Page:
Million dollar grant helps underserved students

The Workforce Equity Initiative is providing opportunities for undeserved communities.

“This training program has tremendously changed my life, it’s basically a big career enhancement, the program has given me the initiative to expand my career into more opportunities,” says Markeese Howard, a recent graduate of the WEI here at JJC.

The goal of the WEI is to provide job training in high demand, high growth industries for underrepresented and underserved populations. At least 60 percent of the participants in the initiative must be African American, and program coordinators say they won’t have a problem meeting that requirement.

The $1.2 million state grant covers training in seven careers: commercial truck driver, dental assistant, HVAC technician, industrial maintenance technician, phlebotomy technician, process operator technician, and warehouse associate.

The goal of the WEI is to train up to 200 area residents in a full-time career that pays 30 percent above the average living wage.

Howard, 24, was working in a warehouse making about $15 per hour. But after completing commercial truck driver training last December, within just one week of graduating Howard found a job driving a truck making about $24 per hour – a 60 percent jump in pay.

“The WEI is a life changing experience, for someone working for minimum wage, to get a new job that could triple their salary plus benefits, it is very impactful to their life.” Kevin Riley, training coordinator for the initiative now in its second year, said.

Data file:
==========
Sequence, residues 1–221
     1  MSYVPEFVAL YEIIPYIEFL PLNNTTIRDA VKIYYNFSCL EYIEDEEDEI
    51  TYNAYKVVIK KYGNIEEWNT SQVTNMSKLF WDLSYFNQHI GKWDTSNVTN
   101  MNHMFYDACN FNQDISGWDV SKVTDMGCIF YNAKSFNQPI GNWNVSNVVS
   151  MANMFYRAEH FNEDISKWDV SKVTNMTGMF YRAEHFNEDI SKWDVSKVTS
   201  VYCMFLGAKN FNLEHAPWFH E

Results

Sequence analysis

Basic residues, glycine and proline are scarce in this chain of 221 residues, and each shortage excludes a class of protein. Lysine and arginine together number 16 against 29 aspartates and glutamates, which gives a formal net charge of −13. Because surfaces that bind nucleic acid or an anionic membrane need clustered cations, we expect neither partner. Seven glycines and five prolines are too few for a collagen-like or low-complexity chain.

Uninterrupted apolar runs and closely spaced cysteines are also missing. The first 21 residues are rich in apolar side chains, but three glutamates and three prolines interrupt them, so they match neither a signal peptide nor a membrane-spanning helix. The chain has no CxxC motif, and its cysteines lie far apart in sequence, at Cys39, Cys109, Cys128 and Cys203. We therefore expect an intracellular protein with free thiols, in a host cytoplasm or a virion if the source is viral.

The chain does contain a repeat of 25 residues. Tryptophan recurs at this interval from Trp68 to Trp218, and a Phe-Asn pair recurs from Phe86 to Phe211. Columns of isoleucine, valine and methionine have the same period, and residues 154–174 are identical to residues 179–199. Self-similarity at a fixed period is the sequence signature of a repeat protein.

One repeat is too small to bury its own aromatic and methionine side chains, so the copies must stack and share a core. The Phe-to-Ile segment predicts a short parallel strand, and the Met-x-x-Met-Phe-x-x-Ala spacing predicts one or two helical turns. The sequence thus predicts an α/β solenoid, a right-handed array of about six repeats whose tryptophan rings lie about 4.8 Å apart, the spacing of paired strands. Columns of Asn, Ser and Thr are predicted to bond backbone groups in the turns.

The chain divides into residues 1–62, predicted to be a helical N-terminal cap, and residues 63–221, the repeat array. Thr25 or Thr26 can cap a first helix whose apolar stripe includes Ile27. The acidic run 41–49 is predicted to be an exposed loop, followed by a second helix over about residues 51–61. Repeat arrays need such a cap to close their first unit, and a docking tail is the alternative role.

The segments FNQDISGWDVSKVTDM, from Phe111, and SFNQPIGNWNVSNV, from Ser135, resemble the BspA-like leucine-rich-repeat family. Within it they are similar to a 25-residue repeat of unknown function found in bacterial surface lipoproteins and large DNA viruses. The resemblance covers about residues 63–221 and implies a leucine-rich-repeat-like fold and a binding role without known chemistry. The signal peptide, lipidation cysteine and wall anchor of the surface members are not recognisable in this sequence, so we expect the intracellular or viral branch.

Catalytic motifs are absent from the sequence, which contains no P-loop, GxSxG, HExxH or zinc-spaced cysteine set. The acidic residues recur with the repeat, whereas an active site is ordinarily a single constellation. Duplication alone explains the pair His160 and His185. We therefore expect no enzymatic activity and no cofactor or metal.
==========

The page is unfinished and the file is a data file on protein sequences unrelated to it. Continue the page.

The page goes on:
All expenses for the courses taught at JJC are 100 percent paid for including tuition, textbooks, and fees. Participants who qualify are also provided a bus pass, gas card, and financial stipend upon successful completion of training which takes anywhere from one to five months depending upon the program.

To help graduates land their first job, all participants also receive career placement help with resume preparation, interviewing skills, and job search strategies. The training coordinators keep in constant contact with the participants both during and after program completion.

Training Coordinator Chris Lester says this free training helps remove some of the barriers that citizens in minority populations face.

“Workforce equity is a very important consideration in our community. The consequences of unequal employment opportunities are far reaching, long lasting, and pervasive,” Lester said.

Howard summed up his new career training this way: “It’s better than living paycheck to paycheck.”

Those interested in the training initiative don’t have to be JJC students. The free classes are offered over the spring and summer.

You must first register for an information session to learn more including eligibility requirements by going to